published: 20.09.2012, 17:50 | updated: 20.09.2012 17:52:37
Prague - The Health Minister Leos Heger (TOP 09) plans to impose a ban on exports of hard liquor from the Czech Republic, which the European Commission (EC) demands, over the affair with methanol poisoning from bootleg spirits, he said in the Chamber of Deputies today.
However, Brussels might react faster and ban alcohol imports from the Czech Republic before the government takes the measure, Heger said.
The government will discuss further steps in the methanol affair, in particular alcohol exports to the EU countries, at an extraordinary meeting to be held at 18:00 tonight, after the Chamber of Deputies session.
According to CTK information, Heger sent a letter to European Commissioner John Dalli, in charge of health and consumer policy.
The ban on liquor exports from the Czech Republic might be issued next Wednesday. It would apply to alcohol that would not meet new safety conditions, Health Ministry spokesman Vlastimil Srsen said.
The Health Ministry banned the sale of spirits containing more than 20 percent of alcohol across the country on Friday evening in reaction to a high number of methanol poisoning cases caused by the consumption of bootleg alcohol.
Bootleg alcohol has claimed over 20 lives so far and tens of others are hospitalised with methanol poisoning symptoms in the country.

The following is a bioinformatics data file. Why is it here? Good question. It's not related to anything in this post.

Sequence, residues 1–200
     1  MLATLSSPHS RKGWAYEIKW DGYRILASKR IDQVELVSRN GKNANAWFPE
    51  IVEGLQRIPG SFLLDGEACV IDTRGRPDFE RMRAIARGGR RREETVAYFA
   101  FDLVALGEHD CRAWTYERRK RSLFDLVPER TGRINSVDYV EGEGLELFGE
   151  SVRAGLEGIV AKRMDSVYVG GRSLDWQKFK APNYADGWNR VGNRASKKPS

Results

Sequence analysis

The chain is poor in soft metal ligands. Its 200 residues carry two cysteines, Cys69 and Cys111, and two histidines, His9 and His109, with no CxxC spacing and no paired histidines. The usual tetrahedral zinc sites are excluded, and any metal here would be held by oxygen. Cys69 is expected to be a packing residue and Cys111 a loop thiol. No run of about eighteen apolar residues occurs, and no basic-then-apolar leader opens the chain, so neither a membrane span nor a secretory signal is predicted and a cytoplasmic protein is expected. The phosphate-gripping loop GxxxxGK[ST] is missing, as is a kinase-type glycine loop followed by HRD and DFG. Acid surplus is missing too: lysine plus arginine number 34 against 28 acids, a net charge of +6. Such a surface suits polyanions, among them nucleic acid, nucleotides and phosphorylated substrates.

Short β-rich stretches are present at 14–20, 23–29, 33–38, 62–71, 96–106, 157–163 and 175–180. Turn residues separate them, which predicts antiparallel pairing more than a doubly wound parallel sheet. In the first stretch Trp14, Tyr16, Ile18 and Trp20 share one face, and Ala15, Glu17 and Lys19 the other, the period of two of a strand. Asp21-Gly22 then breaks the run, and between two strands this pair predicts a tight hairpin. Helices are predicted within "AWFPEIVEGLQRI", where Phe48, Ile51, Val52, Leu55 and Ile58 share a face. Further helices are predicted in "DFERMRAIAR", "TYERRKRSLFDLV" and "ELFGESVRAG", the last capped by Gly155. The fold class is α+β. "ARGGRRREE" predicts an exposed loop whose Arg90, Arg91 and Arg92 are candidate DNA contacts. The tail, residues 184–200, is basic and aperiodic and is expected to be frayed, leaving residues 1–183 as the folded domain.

On Wednesday, the government decided to take steps to soften the prohibition.
The newly produced liquor should be laboratory tested and obtain a new type of stamps and "birth certificates," including data on its origin and handling.
The government assigned the respective ministers to prepare these steps by next Wednesday.
Dalli called Heger on Wednesday and he asked him to halt Czech exports of spirits.
Heger told reporters in the Chamber of Deputies today that his ministry planned to add the ban on alcohol exports to the updated version on the prohibition order. However, the EU might surpass Prague in the preventive measures and ban imports of liquor from the Czech Republic, he added.
He said the government would also like to define risky alcohol to be able to better prevent its spread. It has been proved that mostly cheap home-made liquor is risky, Heger added.
However, the Health Ministry must wait for particular measures to be prepared by the agriculture, finance and industry and trade ministries over the safety of alcoholic beverages, Srsen pointed out.
"The Czech Republic may ban the exports of alcohol that does not meet the (safety) parameters," Srsen added.
Finance Minister Miroslav Kalousek (TOP 09) today signed a decree on the basis of which the State Security Printing Company will start producing new alcohol stamps. The decree is to take effect next Wednesday.
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